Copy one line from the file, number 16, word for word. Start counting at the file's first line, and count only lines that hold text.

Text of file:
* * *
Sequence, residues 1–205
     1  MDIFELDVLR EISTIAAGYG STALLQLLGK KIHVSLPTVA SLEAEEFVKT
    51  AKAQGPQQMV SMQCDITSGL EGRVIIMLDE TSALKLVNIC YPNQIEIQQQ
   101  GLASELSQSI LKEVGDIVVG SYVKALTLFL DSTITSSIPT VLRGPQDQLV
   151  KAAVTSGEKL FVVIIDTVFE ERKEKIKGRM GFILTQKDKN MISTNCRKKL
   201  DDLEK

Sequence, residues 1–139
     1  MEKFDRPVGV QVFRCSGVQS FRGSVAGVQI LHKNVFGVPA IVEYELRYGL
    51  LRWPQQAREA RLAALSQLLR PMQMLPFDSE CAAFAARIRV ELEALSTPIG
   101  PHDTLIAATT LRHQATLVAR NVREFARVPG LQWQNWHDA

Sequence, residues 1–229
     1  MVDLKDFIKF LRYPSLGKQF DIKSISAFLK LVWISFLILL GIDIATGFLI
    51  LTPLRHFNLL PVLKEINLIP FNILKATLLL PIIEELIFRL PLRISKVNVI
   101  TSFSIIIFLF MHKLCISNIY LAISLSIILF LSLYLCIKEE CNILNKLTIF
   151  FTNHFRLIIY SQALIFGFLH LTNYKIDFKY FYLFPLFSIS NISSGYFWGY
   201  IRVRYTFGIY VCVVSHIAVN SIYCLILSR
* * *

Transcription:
   201  IRVRYTFGIY VCVVSHIAVN SIYCLILSR